Senator Carr said that at a time when the Palestinian Authority was facing a serious fiscal crisis he was pleased that Australia was one of the few donors whose support had increased significantly in recent years. "We are committed to providing over $300 million in support over five years," he said. "Of this, $120m, will go directly to the Palestinian Authority to strengthen institutions in preparation for statehood. I recently announced the contribution of a further $90m to UNRWA (United Nations Relief and Work Agency) for education and health."

Senator Carr was also due to meet Israeli Prime Minister Benjamin Netanyahu, Foreign Minister Avigdor Lieberman, PA Prime Minister Salam Fayyad and PA President Mahmoud Abbas, as well as Palestinian leader Hanan Ashrawi, winner of the Sydney Peace Prize.

Egypt's convenient fall guy for Sinai attack
Weekend Australian
David Ignatius, Washington Post Writers Group
Saturday, August 11, 2012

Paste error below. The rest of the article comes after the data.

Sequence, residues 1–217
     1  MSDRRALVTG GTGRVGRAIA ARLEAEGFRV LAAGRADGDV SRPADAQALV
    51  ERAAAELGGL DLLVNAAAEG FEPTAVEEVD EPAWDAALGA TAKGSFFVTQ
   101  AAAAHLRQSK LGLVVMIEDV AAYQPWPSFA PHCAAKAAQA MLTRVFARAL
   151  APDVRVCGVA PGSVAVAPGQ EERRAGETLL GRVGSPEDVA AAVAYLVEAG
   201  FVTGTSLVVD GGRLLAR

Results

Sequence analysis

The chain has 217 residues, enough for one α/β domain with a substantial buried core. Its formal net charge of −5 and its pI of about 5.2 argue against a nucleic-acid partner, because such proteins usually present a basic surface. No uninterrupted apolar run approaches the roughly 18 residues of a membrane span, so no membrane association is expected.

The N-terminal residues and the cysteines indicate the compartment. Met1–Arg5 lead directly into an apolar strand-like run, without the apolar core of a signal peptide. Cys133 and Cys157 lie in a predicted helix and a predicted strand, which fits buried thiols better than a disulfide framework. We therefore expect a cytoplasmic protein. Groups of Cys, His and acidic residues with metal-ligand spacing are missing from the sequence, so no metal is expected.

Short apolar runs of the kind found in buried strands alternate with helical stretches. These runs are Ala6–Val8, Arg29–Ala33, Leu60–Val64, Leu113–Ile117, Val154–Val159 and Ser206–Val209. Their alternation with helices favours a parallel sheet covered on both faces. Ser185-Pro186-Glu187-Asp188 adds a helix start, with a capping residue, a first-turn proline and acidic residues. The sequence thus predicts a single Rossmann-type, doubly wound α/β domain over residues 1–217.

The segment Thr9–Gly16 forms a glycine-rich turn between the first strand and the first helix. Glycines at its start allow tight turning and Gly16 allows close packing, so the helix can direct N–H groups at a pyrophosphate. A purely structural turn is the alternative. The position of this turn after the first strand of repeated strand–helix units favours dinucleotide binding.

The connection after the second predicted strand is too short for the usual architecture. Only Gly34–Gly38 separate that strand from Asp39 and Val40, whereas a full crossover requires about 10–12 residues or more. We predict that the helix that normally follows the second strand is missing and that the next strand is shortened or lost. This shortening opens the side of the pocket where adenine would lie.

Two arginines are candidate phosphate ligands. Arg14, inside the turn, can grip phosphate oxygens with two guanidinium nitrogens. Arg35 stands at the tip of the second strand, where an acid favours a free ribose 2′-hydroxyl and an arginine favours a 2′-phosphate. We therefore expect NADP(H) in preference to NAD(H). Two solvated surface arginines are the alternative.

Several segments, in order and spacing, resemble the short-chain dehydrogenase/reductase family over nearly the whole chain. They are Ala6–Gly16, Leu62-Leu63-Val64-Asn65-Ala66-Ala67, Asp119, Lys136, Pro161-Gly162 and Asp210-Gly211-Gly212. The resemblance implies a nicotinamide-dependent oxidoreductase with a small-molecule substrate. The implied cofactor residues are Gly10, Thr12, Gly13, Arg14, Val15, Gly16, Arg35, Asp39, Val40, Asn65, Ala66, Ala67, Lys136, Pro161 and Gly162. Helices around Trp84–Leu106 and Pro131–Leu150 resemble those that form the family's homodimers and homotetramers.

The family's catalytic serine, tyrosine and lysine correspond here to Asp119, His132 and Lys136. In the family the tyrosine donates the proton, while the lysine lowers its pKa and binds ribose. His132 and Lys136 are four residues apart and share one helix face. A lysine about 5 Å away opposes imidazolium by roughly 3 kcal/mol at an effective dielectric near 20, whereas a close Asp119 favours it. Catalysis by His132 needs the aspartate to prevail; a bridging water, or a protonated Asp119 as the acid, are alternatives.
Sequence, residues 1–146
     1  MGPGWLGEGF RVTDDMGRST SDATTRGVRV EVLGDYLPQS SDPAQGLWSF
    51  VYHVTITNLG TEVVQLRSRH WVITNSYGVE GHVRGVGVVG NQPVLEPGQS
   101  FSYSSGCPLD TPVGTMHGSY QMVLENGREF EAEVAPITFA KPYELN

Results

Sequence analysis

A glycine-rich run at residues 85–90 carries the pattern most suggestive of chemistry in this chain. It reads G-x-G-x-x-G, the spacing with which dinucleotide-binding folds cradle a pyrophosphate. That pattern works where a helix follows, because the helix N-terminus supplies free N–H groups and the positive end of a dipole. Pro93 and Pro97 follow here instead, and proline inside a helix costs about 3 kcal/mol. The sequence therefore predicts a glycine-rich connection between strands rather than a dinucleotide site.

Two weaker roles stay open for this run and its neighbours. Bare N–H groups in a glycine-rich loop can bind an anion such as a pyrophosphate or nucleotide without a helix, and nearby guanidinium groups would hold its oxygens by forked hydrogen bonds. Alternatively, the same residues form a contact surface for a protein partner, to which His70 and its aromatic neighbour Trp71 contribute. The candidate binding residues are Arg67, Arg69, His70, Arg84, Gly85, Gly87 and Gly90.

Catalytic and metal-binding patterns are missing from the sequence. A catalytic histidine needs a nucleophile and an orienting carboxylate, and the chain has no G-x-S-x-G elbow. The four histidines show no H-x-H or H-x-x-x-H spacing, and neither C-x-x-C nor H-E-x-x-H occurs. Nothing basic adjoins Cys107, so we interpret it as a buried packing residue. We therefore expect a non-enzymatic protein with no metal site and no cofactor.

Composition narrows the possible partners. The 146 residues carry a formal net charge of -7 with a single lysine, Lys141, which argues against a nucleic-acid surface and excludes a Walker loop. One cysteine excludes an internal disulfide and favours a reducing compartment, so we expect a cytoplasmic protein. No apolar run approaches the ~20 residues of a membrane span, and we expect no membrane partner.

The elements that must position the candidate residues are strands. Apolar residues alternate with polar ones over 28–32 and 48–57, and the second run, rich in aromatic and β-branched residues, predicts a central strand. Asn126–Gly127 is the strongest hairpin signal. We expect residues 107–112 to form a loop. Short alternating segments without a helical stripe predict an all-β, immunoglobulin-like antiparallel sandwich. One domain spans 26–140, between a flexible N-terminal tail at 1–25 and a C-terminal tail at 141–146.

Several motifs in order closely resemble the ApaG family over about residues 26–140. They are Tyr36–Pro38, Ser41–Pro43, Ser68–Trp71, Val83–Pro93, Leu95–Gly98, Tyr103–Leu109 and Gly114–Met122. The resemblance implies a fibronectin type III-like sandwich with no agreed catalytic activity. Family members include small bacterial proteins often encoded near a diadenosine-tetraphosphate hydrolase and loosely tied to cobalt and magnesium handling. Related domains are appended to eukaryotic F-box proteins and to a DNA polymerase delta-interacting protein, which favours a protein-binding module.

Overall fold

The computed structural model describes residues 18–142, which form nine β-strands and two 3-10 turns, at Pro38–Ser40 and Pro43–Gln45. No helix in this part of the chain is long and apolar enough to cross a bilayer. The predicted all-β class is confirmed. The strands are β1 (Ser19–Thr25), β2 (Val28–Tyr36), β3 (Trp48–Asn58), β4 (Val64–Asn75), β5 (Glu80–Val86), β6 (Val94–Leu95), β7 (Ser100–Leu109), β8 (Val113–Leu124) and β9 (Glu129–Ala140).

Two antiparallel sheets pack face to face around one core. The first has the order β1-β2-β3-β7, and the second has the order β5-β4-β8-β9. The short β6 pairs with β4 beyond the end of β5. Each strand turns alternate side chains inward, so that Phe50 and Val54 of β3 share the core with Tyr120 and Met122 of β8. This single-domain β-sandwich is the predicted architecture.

IN firing Egypt's chief of intelligence for his alleged failings in Sinai, President Mohammed Morsi sacked a general who has won high marks from US, Israeli and European intelligence officials — and who, ironically, has been one of the Egyptians pushing for a crackdown on the growing militant presence in Sinai. This week's shuffle is bound to raise concerns among US and Israeli officials about the security policies of Morsi's government, and its seeming mutual self-protection pact with the Egyptian generals who still hold considerable power through the Supreme Council of the Armed Forces, or SCAF.

Morsi and the military appear to have concluded that the fired intelligence chief, General Murad Muwafi, was a convenient scapegoat after the attack last Sunday by terrorists in Sinai that left 16 Egyptian soldiers dead. After that attack, the Egyptian military launched an armoured assault in Sinai to "restore stability and regain control" in the lawless desert that had become a haven for Islamist militants. Ironically, it was Muwafi who had told a visitor two months ago that he favoured an assault in Sinai by an Egyptian armoured battalion that would include 30 tanks, eight helicopters and other equipment. Such a crackdown had also been urged by US and Israeli officials, but the Egyptian military delayed major action until Wednesday, after the 16 soldiers were killed.